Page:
Phenomena Of Atmospheric Waves

Professor Dove of Berlin has suggested that in the temperate zones the

compensating currents of the atmosphere necessary to preserve its

equilibrium may be arranged as parallel currents on the _surface_, and

not superposed as in or near the torrid zone. His views may be thus

enunciated:--That in the parallels of central Europe the N.E. current

flowing towards the equator to feed the ascending column of heated air
r /> is not compensated by a current in the upper regions of the atmosphere

flowing from the S.W. as in the border of the torrid zone, but there are

also S.W. currents on each side the N.E., which to the various countries

over which they pass appear as surface-winds, the winds in fact being

disposed in alternate beds or layers, S.W., N.E.

The Professor also suggests that these parallel and oppositely directed

winds are shifting, _i. e._ they gradually change their position with a

lateral motion in the direction of the large arrow cutting them


In the course of the author's researches on atmospheric waves he had an

opportunity of testing the correctness of Professor Dove's suggestion,

and in addition ascertained that there existed another set of oppositely

directed winds at right angles to those supposed to exist by the

Professor. These currents were N.W. and S.E. with a lateral motion

towards the N.E. He also carefully discussed the barometric phænomena

with relation to both these sets of currents, and arrived at the

following conclusions. The details will be found in the author's third

report, presented to the British Association for the Advancement of

Science (Reports, 1846, pp. 132 to 162). During the period under

examination the author found the barometer generally to rise with N.E.

and N.W. winds, and fall with S.W. and S.E. winds, and that the

phænomena might be thus illustrated:--Let the strata _a a a' a', b' b' b

b_, fig. 3, represent two parallel aërial currents or winds, _a a a' a'_

from S.W. or S.E., and _b' b' b b_ from N.E. or N.W. and conceive them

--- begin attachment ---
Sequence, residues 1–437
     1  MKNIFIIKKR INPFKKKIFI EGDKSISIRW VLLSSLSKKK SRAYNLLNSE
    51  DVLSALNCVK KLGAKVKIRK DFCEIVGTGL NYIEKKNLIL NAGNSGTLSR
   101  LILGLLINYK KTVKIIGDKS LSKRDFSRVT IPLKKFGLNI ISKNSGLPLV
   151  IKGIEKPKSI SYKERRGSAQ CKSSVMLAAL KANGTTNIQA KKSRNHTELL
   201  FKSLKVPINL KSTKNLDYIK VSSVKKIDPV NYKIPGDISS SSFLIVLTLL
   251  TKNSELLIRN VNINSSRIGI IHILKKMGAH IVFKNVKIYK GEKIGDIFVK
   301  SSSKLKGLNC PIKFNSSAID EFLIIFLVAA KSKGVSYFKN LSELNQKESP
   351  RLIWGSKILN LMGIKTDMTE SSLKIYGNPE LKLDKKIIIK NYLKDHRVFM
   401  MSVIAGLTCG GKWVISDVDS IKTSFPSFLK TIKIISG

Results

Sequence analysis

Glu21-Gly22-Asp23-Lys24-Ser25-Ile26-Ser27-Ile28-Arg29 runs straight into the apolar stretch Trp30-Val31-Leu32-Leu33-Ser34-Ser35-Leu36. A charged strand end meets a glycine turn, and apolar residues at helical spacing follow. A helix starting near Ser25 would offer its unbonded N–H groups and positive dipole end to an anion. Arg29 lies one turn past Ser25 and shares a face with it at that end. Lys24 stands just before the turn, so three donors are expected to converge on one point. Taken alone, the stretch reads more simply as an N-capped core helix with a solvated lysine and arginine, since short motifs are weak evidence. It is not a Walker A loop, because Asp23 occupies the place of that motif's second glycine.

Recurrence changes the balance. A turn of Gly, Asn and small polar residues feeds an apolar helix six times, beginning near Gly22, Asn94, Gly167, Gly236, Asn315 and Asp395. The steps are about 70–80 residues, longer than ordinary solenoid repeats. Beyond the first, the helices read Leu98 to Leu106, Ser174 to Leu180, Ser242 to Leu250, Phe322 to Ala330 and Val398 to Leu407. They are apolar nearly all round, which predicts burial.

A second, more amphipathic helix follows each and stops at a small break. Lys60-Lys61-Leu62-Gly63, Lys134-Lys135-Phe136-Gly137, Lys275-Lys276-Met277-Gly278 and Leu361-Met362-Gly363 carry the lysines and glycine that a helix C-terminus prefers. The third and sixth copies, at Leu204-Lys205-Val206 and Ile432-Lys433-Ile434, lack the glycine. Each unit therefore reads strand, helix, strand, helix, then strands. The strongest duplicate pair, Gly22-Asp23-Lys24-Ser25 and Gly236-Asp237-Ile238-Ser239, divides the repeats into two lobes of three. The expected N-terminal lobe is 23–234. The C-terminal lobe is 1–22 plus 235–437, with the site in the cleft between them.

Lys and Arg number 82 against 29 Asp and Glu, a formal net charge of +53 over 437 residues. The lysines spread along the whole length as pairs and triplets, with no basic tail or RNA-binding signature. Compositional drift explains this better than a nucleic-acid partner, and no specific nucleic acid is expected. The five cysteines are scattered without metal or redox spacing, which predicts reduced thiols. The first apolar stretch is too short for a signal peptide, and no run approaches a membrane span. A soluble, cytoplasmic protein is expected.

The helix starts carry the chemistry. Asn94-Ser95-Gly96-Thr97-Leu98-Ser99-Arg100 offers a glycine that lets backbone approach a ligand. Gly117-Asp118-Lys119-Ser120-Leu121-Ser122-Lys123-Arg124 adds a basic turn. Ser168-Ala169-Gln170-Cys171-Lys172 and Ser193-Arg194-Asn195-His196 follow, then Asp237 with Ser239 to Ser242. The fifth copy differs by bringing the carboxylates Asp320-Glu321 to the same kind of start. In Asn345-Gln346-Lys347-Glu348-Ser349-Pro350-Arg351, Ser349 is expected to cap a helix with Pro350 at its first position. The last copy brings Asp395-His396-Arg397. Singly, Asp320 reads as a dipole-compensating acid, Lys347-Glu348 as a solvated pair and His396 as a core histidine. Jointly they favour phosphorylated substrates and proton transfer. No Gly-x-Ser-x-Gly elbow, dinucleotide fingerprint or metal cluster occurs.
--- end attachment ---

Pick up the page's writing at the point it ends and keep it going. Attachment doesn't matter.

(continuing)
both to advance from the N.W. in the first instance and from the S.W. in

the second, in the direction of the large arrow. Now conceive the

barometer to commence rising just as the edge _b b_ passes any line of

country, and to continue rising until the edge _b' b'_ arrives at that

line, when the maximum is attained. It will be remarked that this rise

is coincident with a N.E. or N.W. wind. The wind now changes and the

barometer begins to fall, and continues falling until the edge _a a_

coincides with the line of country on which _b b_ first impinged.

During this process we have all the phænomena exhibited by an

atmospheric wave: when the edge _b b_ passes a line of country the

barometer is at a _minimum_, and this minimum has been termed the

_anterior trough_. During the period the stratum _b' b' b b_ transits,

the barometer rises, and this rise has been called the _anterior slope_.

When the conterminous edges of the strata _a' a' b' b'_ pass, a

barometric _maximum_ extends along the line of country formerly occupied

by the anterior trough, and this maximum has been designated the

_crest_. During the transit of the stratum _a' a' a a_ the barometer

_falls_, and this fall has been characterised as the _posterior slope_;

and when the edge _a a_ occupies the place of _b b_, the descent of the

mercurial column is completed, another _minimum_ extends in the

direction of the former, and this minimum has been termed the _posterior


It will be readily seen that the lateral passage of the N.W. and S.E.

currents towards the N.E. presents precisely the same barometric and